Continuing with a list of goofball films the trio of writers called ‘Lonely Island’ Andy Samberg, Jorma Taccone, and Akiva Schaffer make Popstar: Never Stop Never Stopping, a mockumentary style movie that may look a bit like one famous pop star who made it big. But it’s just another project for their memory chest. You may remember Hot Rod and The Watch or maybe not, well anyway they also collaborated on the two so-so comedies. And both films barely made a pay day for the big talent that were in them. Now comes another shot at trying to build an audience and box office, but from the looks of Popstar they should hunker down for the long haul. Read more
Working with excellent talent and intrusive camera work director Yorgos Lanthimos brings a bizarre film to the screen. The Lobster can be the perfect indie for a select audience of art film lovers that want to be drawn into a dark place for two hours while being entertained by the dreary storyline and the lifeless characters on the screen. For this group the movie’s a winner. The Lobster is motion picture art at its most absurd, even more so than the morose and brooding Melancholia or Under the Skin. If you want a mind bending experience, then this little gem is for you. That said, I did applaud Under the Skin for its alien tale about a hooker who gathers humans for disturbing reasons. Read more
The charming drama To Life (Auf das Leben!) opens this weekend in Florida and other parts of America and it’s a gripping tale with a touch of whimsy. Nicely directed and acted the film delves into the mind of a Jewish woman who’s possessed by her past and lost for an act of revenge. Not your average movie, this one will tantalize, draw out your inner feelings and possess you during and after the lights come up in the theater. Perfect for art house movie goers and those who enjoy a compelling drama. Read more
Deliciously decadent, this live action sequel to Alice in Wonderland puts a lot of chaotic energy beyond the original abstract film. This adventure called Alice Through the Looking Glass is packed full of surprises and comedy within the world of fantasy. A little more daring a wonderland, this one takes on a darker shade that may be a bit trying for very young tykes.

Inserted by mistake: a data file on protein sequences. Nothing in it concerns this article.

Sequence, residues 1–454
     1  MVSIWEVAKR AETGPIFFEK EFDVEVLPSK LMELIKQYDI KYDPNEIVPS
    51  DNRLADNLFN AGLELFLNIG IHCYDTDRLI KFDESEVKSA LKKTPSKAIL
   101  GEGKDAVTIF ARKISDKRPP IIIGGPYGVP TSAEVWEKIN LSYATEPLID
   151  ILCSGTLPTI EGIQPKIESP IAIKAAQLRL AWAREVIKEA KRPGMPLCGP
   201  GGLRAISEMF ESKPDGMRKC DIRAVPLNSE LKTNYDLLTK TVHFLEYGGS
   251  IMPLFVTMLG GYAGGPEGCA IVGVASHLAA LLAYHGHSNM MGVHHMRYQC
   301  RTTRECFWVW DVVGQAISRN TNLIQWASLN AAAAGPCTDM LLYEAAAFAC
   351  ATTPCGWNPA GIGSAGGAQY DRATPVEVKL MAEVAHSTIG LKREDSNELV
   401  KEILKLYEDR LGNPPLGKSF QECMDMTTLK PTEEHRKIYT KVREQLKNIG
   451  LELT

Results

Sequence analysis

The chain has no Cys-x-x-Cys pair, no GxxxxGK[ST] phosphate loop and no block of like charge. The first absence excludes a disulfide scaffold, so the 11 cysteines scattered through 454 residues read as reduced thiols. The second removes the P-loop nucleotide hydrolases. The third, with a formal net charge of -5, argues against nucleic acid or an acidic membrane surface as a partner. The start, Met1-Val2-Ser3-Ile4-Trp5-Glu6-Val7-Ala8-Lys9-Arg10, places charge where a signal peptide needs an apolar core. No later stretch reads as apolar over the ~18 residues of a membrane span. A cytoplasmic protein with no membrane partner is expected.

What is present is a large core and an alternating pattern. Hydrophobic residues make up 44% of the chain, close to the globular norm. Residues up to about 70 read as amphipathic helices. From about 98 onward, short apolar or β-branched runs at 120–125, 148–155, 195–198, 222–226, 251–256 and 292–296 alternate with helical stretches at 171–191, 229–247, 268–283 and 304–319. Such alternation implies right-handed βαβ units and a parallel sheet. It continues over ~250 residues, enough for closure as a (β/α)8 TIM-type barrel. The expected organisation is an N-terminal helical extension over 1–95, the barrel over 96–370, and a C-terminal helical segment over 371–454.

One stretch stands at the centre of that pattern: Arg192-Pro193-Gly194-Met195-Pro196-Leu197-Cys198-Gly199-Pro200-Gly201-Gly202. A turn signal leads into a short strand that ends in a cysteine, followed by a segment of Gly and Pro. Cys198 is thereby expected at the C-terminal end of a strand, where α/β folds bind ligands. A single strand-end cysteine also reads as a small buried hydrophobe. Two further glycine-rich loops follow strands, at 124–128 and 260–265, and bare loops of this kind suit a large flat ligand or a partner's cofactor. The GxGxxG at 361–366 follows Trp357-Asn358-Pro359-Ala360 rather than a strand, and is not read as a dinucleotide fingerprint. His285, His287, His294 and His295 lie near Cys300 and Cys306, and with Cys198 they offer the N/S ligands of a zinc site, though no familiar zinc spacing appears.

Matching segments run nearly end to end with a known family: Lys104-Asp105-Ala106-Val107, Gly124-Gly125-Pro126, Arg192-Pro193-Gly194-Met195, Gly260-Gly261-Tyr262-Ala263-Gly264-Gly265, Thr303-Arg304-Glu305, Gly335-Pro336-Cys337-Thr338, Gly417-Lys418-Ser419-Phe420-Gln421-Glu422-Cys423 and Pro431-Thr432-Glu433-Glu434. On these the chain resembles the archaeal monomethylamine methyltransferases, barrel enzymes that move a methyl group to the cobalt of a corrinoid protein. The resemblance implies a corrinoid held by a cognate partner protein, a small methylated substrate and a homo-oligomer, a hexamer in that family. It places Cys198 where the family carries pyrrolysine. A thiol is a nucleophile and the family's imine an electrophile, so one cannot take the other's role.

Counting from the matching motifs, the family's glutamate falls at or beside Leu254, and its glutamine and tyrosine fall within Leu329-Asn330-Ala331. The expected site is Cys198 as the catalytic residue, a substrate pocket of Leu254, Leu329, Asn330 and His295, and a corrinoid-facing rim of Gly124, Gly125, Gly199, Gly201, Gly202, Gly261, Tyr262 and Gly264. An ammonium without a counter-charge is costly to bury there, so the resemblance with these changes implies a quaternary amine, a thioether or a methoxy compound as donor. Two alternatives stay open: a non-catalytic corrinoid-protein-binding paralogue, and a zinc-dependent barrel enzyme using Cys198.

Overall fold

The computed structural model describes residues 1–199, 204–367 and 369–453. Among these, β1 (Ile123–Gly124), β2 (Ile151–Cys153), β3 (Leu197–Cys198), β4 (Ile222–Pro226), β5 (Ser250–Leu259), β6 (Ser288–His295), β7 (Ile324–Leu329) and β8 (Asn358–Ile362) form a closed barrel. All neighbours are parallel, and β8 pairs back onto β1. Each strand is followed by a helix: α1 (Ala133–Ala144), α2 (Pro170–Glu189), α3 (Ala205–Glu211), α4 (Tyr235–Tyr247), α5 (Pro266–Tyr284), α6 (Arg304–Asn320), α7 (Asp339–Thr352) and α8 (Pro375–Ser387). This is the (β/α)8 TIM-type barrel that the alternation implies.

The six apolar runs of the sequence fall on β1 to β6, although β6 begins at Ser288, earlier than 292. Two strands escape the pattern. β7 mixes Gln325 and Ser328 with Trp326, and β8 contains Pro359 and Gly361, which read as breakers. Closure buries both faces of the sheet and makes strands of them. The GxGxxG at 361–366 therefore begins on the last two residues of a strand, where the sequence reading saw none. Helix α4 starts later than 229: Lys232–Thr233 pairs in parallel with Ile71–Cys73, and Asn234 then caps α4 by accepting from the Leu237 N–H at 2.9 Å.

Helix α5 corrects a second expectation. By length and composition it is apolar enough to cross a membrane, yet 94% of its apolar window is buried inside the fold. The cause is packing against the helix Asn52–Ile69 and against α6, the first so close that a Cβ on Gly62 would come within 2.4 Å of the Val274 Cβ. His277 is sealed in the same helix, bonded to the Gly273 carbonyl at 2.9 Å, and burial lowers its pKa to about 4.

Best known as the DC Comics superhero Jesse Quick in The CW series The Flash, and as the missing girl in HBO’s, The Leftovers, Violett Beane appeared in the horror feature Flay, and the indie Slash, which recently premiered at SXSW. In Slash, Beane plays Lindsay in a coming-of-age drama about adolescent outsiders who write fan fiction. Beane can also be seen in Tower, an emotionally draining film that focuses on the mass school shooting at the University of Texas in 1966. In this one-on-one interview, Beane reveals some insights about her various roles and how she approached them. Read more
Touching and heartfelt the film ma ma releases this weekend and its heartbreaking story. The movie stars Penelope Cruz show her magical charm by multi award winning writer/director Julio Medem a filmmaker who deals with strange romances. This love story may be a bit bizarre, but it should leave a lasting memory on the ladies well after they have left the theater. Read more
Filmmaker Bryan Singer finally comes up with a very good movie starring the X-Men, but again it’s Team vs. Team in X-Men: Apocalypse. In a matter of months we’ve had Batman vs. Superman and Captain America: Civil War and his four superheroes vs. Iron Man’s select four. It’s been a year of class of the titans and it’s only May. But, let’s stick with the review of this weekend’s savers of mankind. Read more